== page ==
“Ten million years from now, when then sun burns out and the Earth is just a frozen iceball hurtling through space, nobody’s going to care whether or not I got this guy out.”
How chill is that?
These words were spoke by Tug McGraw, the best reliever in baseball for many years. He, not entirely surprisingly, threw a mean screwball. Oddly enough nobody seems to throw screwballs in baseball anymore.
I learned how to throw a screwball. You turn your hand in the opposite direction of a curveball. Which is to say, your arm goes left and your hand twists right.
My father was a big time baseball fan. Every summer his idea of a vacation was to put his seven kids in a station wagon and drive us to a major league baseball game. I saw Mickey Mantle in his decrepit last playing days in the old Yankee Stadium. I saw the Mets, well before the miracle of ’69, from the scary steep upper deck of Shea Stadium. (Truth be told, the jets flying in and out of LaGuardia were more interesting than the game.) And I saw the Montreal Expos play the San Francisco Giants in Jarry Park in Montreal. Willie Mays took the day off. Ken Henderson of the Giants hit a home run that bounced into the pool beyond the right field fence.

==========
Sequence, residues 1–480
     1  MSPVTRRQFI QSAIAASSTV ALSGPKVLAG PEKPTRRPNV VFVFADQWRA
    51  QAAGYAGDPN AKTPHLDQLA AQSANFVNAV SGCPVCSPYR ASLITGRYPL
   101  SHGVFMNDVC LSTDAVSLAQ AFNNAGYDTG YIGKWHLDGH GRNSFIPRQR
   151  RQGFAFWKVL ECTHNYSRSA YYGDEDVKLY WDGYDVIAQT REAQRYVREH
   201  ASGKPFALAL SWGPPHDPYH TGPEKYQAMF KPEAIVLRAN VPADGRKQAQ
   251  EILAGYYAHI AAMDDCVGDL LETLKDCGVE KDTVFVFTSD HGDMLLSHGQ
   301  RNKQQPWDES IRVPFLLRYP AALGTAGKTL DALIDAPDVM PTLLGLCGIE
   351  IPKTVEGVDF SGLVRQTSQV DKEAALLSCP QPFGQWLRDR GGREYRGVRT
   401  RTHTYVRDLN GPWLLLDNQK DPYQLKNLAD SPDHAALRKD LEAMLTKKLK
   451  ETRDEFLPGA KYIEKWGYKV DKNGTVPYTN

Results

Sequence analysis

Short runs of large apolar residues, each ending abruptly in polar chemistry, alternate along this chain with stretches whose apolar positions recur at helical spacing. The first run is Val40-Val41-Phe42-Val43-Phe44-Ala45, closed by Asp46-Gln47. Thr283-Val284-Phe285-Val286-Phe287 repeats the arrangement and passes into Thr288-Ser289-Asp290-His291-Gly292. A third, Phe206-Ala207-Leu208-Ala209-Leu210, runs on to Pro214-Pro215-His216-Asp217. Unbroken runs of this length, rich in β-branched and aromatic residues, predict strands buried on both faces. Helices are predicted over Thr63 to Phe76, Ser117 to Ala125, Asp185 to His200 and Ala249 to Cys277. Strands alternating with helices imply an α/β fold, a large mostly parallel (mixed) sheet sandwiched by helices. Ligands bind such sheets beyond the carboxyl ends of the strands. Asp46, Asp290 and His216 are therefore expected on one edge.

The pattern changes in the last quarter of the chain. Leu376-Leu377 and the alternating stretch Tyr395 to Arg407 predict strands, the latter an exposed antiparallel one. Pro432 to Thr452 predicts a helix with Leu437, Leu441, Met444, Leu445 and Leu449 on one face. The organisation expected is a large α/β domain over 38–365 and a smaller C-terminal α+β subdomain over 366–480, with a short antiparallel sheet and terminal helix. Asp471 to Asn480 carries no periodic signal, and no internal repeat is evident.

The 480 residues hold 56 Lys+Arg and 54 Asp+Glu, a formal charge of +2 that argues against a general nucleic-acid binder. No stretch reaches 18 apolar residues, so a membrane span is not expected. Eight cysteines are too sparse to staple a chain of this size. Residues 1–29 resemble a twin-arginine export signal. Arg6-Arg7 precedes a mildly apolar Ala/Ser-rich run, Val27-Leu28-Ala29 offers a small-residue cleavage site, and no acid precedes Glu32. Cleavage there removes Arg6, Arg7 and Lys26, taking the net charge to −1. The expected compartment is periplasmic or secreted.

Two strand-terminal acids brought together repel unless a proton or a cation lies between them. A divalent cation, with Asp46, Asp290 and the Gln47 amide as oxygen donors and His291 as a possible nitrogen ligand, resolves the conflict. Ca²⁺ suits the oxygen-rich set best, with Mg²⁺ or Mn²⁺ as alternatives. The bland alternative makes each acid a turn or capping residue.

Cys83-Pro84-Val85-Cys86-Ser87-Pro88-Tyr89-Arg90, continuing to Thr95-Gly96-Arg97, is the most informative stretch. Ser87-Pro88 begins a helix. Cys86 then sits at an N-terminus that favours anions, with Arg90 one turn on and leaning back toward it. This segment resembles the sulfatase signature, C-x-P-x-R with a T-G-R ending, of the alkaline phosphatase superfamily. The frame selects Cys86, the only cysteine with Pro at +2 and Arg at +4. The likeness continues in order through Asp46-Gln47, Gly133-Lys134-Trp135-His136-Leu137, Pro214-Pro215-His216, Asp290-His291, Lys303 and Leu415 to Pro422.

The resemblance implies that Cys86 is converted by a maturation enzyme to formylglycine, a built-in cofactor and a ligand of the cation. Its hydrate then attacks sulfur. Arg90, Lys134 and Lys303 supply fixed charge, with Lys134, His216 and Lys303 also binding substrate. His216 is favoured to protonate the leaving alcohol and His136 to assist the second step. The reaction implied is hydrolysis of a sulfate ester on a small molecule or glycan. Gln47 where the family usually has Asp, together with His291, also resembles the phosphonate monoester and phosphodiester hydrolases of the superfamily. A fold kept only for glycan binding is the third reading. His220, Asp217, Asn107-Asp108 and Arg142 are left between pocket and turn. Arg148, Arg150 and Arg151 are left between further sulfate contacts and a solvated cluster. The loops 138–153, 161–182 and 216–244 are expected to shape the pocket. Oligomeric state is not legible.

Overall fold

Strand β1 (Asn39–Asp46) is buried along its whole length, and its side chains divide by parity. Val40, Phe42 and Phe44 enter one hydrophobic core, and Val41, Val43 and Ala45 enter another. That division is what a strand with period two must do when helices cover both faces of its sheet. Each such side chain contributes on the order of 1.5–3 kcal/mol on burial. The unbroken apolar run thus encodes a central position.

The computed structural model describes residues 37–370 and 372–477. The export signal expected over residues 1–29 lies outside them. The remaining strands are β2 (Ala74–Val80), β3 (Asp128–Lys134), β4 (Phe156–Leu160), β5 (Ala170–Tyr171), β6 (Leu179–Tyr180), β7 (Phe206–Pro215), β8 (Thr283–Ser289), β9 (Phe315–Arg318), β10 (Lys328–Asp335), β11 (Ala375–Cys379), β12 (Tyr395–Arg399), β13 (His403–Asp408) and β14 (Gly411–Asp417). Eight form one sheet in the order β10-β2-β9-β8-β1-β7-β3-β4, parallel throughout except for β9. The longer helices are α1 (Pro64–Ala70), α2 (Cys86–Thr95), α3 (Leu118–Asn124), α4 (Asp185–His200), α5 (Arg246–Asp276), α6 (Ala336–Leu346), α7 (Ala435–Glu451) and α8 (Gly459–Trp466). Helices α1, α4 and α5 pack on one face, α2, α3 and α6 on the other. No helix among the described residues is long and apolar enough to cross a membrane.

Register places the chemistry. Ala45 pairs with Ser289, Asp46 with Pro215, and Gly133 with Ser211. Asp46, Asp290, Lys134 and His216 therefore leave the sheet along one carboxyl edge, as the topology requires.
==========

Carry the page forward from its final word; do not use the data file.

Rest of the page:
My father told me the Tug McGraw quote long before McGraw said it. In my father’s version, the pitcher is in a bind. He is down to his last pitch. It is either do or die. He turns to his bench and says, “Either I do, or I don’t.” And throws the pitch.
All you can do is the best that you can. And, in the final analysis we are all bozos on this bus headed further into the universe. So give it a rest. Move on. Let it go. Because, as Tripper Harrison said in Meatballs, it just doesn’t matter.
Starting Monday, there are no more ties. Play ball.
[This blog post was inspired by Norman Wilson McCloud, the designated driver in section 418.]